Individuals, and individual rights, are like single atoms. They only exist in the abstract sense. The real world is entirely dominated by groups and collective actions.
You're a confused anarchist. The problem with non-coercive government is that all government is coercive. Government is primarily a set of restrictions on the use of force, or alternately the monopoly on that use of force. Getting rid of a government, or disarming it, merely allows anyone with a larger arsenal to set up their own government -- anarchy is an unstable system. We all have a right to violence, because it cannot be taken from us except in extreme situations. Remember, the Code of Hammurabi was instituted, "...so that the strong might not harm the weak." Coercive government is a necessary evil, and it will remain necessary so long as men are capable of harming their fellows, for that is its justification and primary purpose.
Rights are not inherent, except in some abstract sense. In the real world, your rights are what the men with guns say they are. You may feel fortunate that the world has had a long, bloody time to work out semi-cooperative frameworks to restrain our darker impulses. Individual rights are an important conceptual counterbalance to the overwhelming powers of the collective, but they are no justification for anarchy, economic or otherwise. The "free market" is an ideal, even a good one, but in most cases removing government interference makes markets less free, more subject to collusion and fraud. In some cases, where the service is required to be universal, or when the barriers to entry would be insurmountable, it makes sense for the government to assume these functions directly. Govenment can also be thought of as the natural monopoly of natural monopolies, in that sense.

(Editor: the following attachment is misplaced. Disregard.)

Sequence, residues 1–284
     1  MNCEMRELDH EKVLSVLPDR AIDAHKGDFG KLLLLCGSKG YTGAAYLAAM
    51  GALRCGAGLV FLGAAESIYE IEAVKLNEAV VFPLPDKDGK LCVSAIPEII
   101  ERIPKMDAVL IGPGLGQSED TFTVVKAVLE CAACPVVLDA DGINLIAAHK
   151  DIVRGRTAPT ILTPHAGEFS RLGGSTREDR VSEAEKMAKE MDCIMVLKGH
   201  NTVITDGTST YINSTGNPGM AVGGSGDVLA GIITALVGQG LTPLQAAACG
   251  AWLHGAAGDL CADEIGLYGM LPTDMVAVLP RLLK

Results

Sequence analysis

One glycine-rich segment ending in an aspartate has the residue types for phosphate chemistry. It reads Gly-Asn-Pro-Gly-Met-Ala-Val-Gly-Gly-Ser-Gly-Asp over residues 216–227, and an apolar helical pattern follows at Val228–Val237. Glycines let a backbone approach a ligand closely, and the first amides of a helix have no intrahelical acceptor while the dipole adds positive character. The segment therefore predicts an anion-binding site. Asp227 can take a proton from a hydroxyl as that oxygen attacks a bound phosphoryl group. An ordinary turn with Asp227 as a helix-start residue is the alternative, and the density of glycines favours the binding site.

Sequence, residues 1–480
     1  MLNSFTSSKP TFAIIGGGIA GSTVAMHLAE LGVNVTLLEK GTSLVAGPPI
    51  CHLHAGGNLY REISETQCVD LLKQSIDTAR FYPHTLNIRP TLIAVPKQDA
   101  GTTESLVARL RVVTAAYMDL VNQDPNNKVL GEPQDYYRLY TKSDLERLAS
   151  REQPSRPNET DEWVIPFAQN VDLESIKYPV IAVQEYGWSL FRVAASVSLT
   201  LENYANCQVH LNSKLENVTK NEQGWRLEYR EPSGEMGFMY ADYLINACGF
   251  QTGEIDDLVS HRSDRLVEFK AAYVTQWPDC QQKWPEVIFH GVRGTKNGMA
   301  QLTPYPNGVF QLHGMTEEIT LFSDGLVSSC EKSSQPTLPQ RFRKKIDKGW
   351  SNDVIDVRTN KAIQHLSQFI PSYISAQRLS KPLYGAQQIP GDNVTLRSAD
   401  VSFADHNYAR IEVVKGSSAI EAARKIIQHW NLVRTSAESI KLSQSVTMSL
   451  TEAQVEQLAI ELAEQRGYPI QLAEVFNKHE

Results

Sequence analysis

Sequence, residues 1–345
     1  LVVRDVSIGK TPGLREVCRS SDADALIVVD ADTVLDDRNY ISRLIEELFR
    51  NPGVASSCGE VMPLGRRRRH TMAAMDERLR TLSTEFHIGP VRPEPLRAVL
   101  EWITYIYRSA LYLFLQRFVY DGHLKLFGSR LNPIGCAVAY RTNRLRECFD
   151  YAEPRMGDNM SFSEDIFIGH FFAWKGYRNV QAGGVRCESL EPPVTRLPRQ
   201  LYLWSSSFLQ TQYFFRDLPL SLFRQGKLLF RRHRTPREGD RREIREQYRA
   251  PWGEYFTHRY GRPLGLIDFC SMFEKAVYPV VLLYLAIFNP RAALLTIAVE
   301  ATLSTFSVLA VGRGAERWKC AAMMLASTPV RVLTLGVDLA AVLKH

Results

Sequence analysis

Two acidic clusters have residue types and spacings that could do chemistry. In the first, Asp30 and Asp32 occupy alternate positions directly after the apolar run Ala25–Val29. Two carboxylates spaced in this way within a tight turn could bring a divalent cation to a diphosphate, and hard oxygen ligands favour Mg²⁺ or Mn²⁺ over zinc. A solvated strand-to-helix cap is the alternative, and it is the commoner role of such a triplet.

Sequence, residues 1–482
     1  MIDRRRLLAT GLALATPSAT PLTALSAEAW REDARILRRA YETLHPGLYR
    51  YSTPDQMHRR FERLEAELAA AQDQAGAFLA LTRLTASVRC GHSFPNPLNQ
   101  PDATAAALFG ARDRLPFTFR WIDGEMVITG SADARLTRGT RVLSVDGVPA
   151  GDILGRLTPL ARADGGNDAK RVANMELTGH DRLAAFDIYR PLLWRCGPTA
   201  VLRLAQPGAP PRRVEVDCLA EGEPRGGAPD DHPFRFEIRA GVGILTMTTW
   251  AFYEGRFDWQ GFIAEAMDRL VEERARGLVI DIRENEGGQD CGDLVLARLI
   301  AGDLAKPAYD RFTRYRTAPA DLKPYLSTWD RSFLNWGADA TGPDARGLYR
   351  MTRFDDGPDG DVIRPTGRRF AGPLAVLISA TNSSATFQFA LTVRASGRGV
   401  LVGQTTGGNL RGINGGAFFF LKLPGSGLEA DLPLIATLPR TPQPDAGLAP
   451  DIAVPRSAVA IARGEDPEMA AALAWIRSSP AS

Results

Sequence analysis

Slavery is a word that has a specific meaning; your definition is specious. You just fundamentally don't like being told what to do. To some degree this idealism is admirable. For the true individualist, I can recommend (from long personal experience) the Alaskan wilderness; you can get land for free still up there, provided you build upon it. Whatever romantic images your mind conjures upon thinking of Alaska are all true; I can't stand the weather, personally, but it's as close to a pure state of nature as you will ever find. If you'd like to enjoy the benefits of society, however, you have to play by the rules. "Slavery" isn't an option -- it's mandatory.